Small businesses, micro-businesses, and nonprofits face many of the same challenges daily. Not knowing whether the few remaining employees will stay on payroll or whether this month is the last month of service is evidence that the struggle is real for the businesses and their employees.
A couple of weeks ago I hosted a small business Town Hall. I was amazed to hear of the similar struggles that many small business owners face. From PPP loans to “operating safely” concerns, the feeling of worry was there, but to my surprise, so were the feelings of hope and resiliency.
Sonia Cisneros, owner and founder of Tru Branding, shared her frustrations towards the PPP loan applications and how hard it is for a one or two-person business to get any help with the application process, not to mention any follow-up on the status of those applications.
The two restaurant/bar owners on the Town Hall, Vanessa Martinez (El Luchador) and Jaime Macias (Jaime’s Place), shared similar experiences of acquiring restaurant licenses and pivoting all services to the outdoors even cold winter months.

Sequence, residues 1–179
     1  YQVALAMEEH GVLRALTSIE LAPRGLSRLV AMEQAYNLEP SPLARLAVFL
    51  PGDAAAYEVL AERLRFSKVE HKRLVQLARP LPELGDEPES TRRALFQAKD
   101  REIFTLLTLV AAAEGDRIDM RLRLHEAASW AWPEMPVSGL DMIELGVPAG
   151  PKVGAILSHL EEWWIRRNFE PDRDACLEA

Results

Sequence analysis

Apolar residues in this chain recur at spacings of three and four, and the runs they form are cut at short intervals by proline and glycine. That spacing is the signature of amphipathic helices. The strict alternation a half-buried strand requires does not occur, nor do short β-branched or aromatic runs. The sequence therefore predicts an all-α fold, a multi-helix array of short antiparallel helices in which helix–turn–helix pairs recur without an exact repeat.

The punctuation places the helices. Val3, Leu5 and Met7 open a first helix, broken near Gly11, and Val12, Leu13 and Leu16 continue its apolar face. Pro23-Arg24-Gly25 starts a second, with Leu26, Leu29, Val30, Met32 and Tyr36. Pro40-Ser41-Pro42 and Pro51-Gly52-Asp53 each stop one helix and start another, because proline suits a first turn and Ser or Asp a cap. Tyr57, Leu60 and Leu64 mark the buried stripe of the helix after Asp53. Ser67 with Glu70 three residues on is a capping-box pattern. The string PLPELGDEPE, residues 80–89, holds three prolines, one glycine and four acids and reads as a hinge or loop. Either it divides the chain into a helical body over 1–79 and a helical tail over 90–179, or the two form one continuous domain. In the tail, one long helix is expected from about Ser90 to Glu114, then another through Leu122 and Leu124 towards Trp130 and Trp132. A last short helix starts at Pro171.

Offering a contrasting view, Dr. Lyssa Ochoa, CEO, and president of The SAVE Clinic highlighted the pivotal moments in which the clinic pushed through to continue providing patient care – many living in District 5.
The most striking takeaway I had from listening to these District 5 business owners was the strong message of hope and resiliency: Hope that residents will continue to support their local small businesses, and community resiliency to bounce back from hardship.
As a small business owner and the son of small business owners, I know what it is like to experience waiting weeks for pending payments or having to put off paying a bill or two until the next check comes through. I know it isn’t easy.
As your Councilman, I will fight to ensure our small businesses are taken care of and have a strong advocate at the forefront of economic recovery. For many residents, employment equals healthcare, employment equals food, and employment is the difference between keeping a roof over your head or becoming homeless.
We need to provide resources so that small business owners have easier access to loan programs, grants, and additional funding. This is how we keep your favorite local restaurants open. Local small businesses are part of our community and we need to work together to take care of them which in turn takes care of our gente.